After many years of hard duty, the wooden floor of the ox barn is ready to be replaced. Farmer Rob and Intern Virginia have been measuring and cutting, using lumber harvested and cut on the farm.
The first snowstorm of the winter left Howell Farm with a blanket of white.
After the holidays, the next farm event to look forward to is the ice harvest on January 25. Farmer Pete, after an unsuccessful prognostication last year, says he's no longer in the business of predicting how thick the ice will be come harvest time, but I think it's going to be a cold winter.
The farmers continue to express astonishment at the quality of the corn crop this year -- the field is filled with big healthy ears, like bars of gold wrapped in husky paper. Farmer Pete says he believes this is the best corn harvest in the history of Howell Farm. All told, between all the fields of feed corn, popcorn and sweet corn, he figures that nearly 100,000 ears of corn were handpicked by Howell Farm's staff and many many volunteers.
At long last, the harvest is almost complete. Today a group of volunteers helped handpick most of the remaining stragglers.
Today, in the Howell Farm Visitors Center, Santa's sleigh is getting a fresh coat of linseed oil and volunteers are adorning the Christmas tree with ornaments. Though Christmas is still some weeks away, Christmas on the farm with be celebrated Saturday December 7.
The Howell Farm Gift Shop (70 Woodens Lane, Lambertville) will be open Tuesdays through Fridays from 10 am to 4 pm December 10 to December 20th. We have Howell Farm honey, maple syrup, corn flour, whole wheat flour, popcorn and handmade Pleasant Valley Stitchers items for sale.
A friend told me something interesting recently about osage orange, the tree that makes a good hedgerow, the highest BTU firewood in the land (it's so hard it can dull chainsaw blades) and drops softball-sized, brain-like seed pods that aren't eaten by anything and seem to have a dispersal range limited to how far they can roll. And judging by the piles of osage oranges sitting under any given tree, they don't roll very far.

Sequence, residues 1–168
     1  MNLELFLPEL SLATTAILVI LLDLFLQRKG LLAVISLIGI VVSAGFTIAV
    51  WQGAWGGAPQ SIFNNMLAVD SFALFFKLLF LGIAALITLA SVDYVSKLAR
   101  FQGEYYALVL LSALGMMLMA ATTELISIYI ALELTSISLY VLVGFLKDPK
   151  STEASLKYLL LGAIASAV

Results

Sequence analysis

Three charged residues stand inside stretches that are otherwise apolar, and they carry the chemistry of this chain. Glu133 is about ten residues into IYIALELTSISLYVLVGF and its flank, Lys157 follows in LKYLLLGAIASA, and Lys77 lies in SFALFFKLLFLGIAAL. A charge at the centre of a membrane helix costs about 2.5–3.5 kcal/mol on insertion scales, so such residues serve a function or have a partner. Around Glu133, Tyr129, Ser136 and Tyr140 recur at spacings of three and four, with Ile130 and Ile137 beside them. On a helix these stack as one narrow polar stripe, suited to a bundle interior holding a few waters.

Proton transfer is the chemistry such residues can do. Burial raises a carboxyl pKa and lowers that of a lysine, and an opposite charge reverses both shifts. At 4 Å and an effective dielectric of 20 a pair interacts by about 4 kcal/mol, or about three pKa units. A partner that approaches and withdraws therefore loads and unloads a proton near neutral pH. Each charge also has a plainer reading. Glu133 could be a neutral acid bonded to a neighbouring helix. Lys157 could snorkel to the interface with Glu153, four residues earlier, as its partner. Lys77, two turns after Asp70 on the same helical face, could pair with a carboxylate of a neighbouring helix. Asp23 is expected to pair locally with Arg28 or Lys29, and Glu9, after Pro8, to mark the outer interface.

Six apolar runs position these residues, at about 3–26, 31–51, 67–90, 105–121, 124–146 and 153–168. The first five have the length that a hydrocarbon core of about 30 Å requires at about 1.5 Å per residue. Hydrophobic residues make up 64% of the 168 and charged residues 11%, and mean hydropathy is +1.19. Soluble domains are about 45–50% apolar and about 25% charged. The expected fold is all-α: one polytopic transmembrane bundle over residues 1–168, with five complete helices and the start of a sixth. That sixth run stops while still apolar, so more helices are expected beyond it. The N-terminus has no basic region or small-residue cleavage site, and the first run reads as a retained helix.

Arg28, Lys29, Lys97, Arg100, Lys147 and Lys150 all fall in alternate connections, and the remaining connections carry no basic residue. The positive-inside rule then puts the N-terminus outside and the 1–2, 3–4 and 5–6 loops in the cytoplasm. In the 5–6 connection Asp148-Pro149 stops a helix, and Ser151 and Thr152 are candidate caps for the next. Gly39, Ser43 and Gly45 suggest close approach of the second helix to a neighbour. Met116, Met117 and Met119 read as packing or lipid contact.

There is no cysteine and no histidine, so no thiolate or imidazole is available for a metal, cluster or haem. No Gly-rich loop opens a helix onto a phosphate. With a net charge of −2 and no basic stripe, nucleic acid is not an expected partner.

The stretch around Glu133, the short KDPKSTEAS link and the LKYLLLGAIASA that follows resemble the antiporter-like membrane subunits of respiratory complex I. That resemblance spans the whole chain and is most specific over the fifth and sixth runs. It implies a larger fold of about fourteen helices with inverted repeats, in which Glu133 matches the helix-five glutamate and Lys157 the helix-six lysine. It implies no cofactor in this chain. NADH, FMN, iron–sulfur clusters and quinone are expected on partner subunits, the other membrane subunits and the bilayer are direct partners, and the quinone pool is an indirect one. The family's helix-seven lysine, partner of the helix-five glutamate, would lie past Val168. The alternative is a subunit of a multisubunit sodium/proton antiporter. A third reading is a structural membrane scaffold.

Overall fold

Native to certain parts of North American, osage orange has been dispersed to the rest of the country by farmers who brought the seeds with them. Pre-farming, however, biologists don't know of any living creature that would have helped disperse these seeds. The leading theory is that osage oranges were eaten and then excreted by a long-extinct pre-historic beast. Which for some reason I think is very interesting to ponder.
For a monthly history lesson on farm life in the Pleasant Valley circa 1900 (courtesy of Howell Farm's resident historian, Larry Kidder) we invite you to visit howellfarm.org:
Wednesday morning at Howell Farm is the timeslot for the weekly farmers’ meeting, at which plans for the coming week are made and the previous week is discussed. Around the table, Farmer Ian gave an update on the successful shoeing of Jack and Jesse, and the general health of our six draft horses. (All are in working order.) Farmer Rob led a discussion on quantities of hog feed. (More corn needs to be ground.) Speaking of corn, another corn picking day is scheduled for next Wednesday, weather permitting. (Volunteers are encouraged.) Farmer Pete expressed satisfaction for the job done fortifying the corncrib against mice and squirrels. And then the meeting moved on to winter repairs, including some work needed on a wagon and the grain drill. In the farm equipment portion of the meeting, a discussion was held about the desire for a new tank in which to collect sap for maple sugaring.
This historic photo of a corn harvest looks remarkably similar to the corn harvest happening this week and next at Howell Farm.
After Chester the draft horse threw a shoe this morning, farmers Ian and Larry embarked on the delicate task of putting on a new one. Around the barn, Chester is known as the most difficult horse to shoe -- he doesn't like people touching his feet. Chester has come a long way since he first arrived at Howell Farm, however, and today the shoeing was relatively uneventful, which is always a good result.
|THE FURROW: The online newsletter of Howell Living History Farm||